|PDB structures||RCSB PDB PDBe PDBsum|
|Gene Ontology||AmiGO / QuickGO|
L-gulonolactone oxidase (EC 18.104.22.168) is an enzyme that produces vitamin C, but is non-functional in Haplorrhini (including humans), in some bats, and in guinea pigs. It catalyzes the reaction of L-gulono-1,4-lactone with oxygen to L-xylo-hex-3-gulonolactone and hydrogen peroxide. It uses FAD as a cofactor. The L-xylo-hex-3-gulonolactone (2-keto-gulono-gamma-lactone) is able to convert to hexuronic acid (ascorbic acid) spontaneously, without enzymatic action.
Gulonolactone oxidase deficiency
The non-functional gulonolactone oxidase pseudogene (GULOP) was mapped to human chromosome 8p21 that corresponds to an evolutionarily conserved segment on either porcine chromosome 4 (SSC4) or 14 (SSC14). GULO produces the precursor to ascorbic acid, which spontaneously converts to the vitamin ("vitamin C").
The loss of activity of the gene for L-gulonolactone oxidase (GULO) has occurred separately in the history of several species. GULO activity has been lost in some species of bats, but others retain it. The loss of this enzyme activity is responsible for the inability of guinea pigs to enzymatically synthesize vitamin C. Both these events happened independently of the loss in the haplorrhini suborder of primates, including humans.
The remnant of this non-functional gene with many mutations is, however, still present in the genomes of guinea pigs and humans. It is unknown if remains of the gene exist in the bats who lack GULO activity. The function of GULO appears to have been lost several times, and possibly re-acquired, in several lines of passerine birds, where ability to make vitamin C varies from species to species.
Loss of GULO activity in the primate order occurred about 63 million years ago, at about the time it split into the suborders Haplorhini (which lost the enzyme activity) and Strepsirrhini (which retained it). The haplorhines ("simple nosed") primates, which cannot make vitamin C enzymatically, include the tarsiers and the simians (apes, monkeys and humans). The strepsirrhines (bent or wet-nosed) primates, which can still make vitamin C enzymatically, include lorises, galagos, pottos, and, to some extent, lemurs.
L-gulonolactone oxidase deficiency is called "hypoascorbemia" and is described by OMIM (Online Mendelian Inheritance in Man) as "a public inborn error of metabolism", as it affects all humans. There exists a wide discrepancy between the amounts of ascorbic acid other primates consume and what is recommended as "reference intakes" for humans. In its patently pathological form, the effects of ascorbate deficiency are manifested as scurvy.
Consequences of loss
It is likely that some level of adaptation occurred after the loss of the GULO gene by primates. Erythrocyte Glut1 and associated dehydroascorbic acid uptake modulated by stomatin switch are unique traits of humans and the few other mammals that have lost the ability to synthesize ascorbic acid from glucose. As GLUT transporters and stomatin are ubiquitously distributed in different human cell types and tissues, similar interactions can be hypothesized to occur in human cells other than erythrocytes.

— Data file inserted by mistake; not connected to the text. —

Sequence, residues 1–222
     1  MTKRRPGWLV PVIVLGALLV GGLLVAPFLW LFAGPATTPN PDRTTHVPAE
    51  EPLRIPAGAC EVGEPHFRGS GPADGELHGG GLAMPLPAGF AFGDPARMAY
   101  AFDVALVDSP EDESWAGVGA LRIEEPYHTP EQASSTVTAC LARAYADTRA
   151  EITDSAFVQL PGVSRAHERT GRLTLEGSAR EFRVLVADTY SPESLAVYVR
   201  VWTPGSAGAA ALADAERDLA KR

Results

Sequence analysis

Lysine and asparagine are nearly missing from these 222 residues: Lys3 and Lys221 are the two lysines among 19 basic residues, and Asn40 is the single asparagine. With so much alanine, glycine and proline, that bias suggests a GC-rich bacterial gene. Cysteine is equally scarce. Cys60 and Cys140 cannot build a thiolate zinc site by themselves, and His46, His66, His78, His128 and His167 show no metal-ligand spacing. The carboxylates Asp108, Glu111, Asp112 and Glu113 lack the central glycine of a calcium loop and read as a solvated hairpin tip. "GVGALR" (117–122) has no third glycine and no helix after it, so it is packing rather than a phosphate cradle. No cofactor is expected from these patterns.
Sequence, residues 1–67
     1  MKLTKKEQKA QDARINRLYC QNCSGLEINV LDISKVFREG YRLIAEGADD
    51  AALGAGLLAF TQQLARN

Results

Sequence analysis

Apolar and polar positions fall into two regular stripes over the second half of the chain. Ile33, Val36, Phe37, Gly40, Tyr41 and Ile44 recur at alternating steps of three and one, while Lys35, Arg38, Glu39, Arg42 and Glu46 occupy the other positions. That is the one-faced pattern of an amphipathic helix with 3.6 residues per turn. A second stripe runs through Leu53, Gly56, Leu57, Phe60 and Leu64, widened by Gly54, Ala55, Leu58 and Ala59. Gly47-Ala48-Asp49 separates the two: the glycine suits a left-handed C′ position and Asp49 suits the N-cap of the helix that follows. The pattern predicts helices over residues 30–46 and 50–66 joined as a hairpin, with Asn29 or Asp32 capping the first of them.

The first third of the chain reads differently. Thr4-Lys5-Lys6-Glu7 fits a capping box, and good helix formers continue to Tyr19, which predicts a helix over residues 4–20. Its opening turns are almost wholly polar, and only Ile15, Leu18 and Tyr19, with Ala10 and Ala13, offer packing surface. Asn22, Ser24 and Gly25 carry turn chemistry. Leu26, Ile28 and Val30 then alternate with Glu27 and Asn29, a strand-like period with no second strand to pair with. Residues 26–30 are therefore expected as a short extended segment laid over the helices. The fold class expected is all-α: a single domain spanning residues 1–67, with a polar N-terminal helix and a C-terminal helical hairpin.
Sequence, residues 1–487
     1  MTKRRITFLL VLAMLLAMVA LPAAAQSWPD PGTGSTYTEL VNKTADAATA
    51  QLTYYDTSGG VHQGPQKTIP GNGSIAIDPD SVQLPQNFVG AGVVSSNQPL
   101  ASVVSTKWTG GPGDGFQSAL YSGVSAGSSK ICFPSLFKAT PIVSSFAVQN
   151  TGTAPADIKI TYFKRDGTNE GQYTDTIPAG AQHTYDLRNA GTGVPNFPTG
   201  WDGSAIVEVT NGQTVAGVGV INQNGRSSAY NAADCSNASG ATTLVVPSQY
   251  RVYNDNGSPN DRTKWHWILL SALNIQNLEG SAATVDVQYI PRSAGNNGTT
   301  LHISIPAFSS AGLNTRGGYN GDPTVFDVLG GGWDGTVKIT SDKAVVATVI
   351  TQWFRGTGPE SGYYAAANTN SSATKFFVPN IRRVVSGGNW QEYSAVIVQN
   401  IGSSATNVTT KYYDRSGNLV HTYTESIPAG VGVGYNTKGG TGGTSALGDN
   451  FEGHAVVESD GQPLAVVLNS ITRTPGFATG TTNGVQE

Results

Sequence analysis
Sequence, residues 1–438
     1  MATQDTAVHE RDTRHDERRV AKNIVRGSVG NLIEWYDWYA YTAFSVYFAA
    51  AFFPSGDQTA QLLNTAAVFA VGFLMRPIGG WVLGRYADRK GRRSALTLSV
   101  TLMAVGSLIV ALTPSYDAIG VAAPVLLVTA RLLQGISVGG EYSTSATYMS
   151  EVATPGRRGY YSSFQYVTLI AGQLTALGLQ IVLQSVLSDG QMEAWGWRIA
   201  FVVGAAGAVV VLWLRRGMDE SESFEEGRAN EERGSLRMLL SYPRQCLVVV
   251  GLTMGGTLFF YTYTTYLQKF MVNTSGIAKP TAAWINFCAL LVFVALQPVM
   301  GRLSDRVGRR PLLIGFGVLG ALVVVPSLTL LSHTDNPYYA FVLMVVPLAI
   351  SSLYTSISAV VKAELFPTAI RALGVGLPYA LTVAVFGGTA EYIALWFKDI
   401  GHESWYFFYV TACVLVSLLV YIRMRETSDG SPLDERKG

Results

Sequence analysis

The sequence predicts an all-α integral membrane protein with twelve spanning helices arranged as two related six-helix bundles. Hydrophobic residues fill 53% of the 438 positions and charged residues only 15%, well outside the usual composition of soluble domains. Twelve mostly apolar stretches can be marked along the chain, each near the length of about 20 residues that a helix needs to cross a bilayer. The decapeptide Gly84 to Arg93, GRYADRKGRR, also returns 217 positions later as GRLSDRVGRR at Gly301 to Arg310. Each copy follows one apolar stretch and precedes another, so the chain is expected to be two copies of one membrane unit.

Pauling observed that after the loss of endogenous ascorbate production, apo(a) and Lp(a) were greatly favored by evolution, acting as ascorbate surrogate, since the frequency of occurrence of elevated Lp(a) plasma levels in species that had lost the ability to synthesize ascorbate is great. Also, only primates share regulation of CAMP gene expression by vitamin D which occurred after the loss of GULO gene.
Johnson et al. have hypothesized that the mutation of the GULOP (pseudogene that produces L-gulonolactone oxidase) so that it stopped producing GULO may have been of benefit to early primates by increasing uric acid levels and enhancing fructose effects on weight gain and fat accumulation. With a shortage of food supplies this gave mutants survival advantage.
Studies of human diseases have benefited from the availability of small laboratory animal models. However, the tissues of animal models with a GULO gene generally have high levels of ascorbic acid and so are often only slightly influenced by exogenous vitamin C. This is a major handicap for studies involving the endogenous redox systems of primates and other animals that lack this gene.
Guinea pigs are a popular human model. They lost the ability to synthesize L-gulono-gamma-lactone oxidase 20 million years ago.
In 1999, Maeda et al. genetically engineered mice with inactivated GULO gene. The mutant mice, like humans, entirely depend on dietary vitamin C, and they show changes indicating that the integrity of their vasculature is compromised. GULO-/- mice were used as a human model in multiple subsequent studies.
In plants, the importance of Vitamin C in regulating whole plant morphology, cell structure, and plant development has been clearly established via characterization of low vitamin C mutants of Arabidopsis thaliana, potato, tobacco, tomato, and rice. Elevating vitamin C content by overexpressing inositol oxygenase and gulono-1,4-lactone oxidase in A. thaliana leads to enhanced biomass and tolerance to abiotic stresses.
GLUO belongs to a family of sugar-1,4-lactone oxidases, which also contains the yeast enzyme D-arabinono-1,4-lactone oxidase (ALO). ALO produces Erythorbic acid with its canonical substrate. This family is in turn a subfamily under more sugar-1,4-lactone oxidases, which also includes the bacterial L-gulono-1,4-lactone dehydrogenase and the plant galactonolactone dehydrogenase. All these aldonolactone oxidoreductases play a role in some form of Vitamin C synthesis, and some (including GLUO and ALO) accepts substrates of other members.
- GULOP Archived 2007-09-27 at the Wayback Machine – iHOP
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